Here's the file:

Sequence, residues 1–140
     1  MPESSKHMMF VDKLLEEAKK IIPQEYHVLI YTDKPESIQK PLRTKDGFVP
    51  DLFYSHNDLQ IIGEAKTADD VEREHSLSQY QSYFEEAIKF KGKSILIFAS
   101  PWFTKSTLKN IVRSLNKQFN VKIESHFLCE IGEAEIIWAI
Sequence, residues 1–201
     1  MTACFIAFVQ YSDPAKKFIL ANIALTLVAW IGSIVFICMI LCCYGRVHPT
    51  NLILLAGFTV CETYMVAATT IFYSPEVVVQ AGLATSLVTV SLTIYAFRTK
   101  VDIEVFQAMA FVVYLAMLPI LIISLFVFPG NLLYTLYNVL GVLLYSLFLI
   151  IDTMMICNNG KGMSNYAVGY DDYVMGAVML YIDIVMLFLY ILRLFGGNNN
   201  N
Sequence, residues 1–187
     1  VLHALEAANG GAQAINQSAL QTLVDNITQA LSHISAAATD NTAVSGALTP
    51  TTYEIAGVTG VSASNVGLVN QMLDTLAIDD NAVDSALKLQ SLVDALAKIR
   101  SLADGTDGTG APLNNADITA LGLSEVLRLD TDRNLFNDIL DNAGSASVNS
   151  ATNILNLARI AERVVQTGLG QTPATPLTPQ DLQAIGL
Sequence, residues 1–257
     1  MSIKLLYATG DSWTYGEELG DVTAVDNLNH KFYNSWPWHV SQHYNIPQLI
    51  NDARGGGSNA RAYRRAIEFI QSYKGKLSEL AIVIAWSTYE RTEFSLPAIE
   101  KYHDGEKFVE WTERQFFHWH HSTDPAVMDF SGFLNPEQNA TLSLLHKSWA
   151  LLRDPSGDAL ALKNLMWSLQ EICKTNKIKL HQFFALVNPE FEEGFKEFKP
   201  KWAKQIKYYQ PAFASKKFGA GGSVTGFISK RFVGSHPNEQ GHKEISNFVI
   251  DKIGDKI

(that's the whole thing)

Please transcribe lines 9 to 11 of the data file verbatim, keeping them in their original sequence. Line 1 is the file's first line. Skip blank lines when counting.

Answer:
   151  IDTMMICNNG KGMSNYAVGY DDYVMGAVML YIDIVMLFLY ILRLFGGNNN
   201  N
Sequence, residues 1–187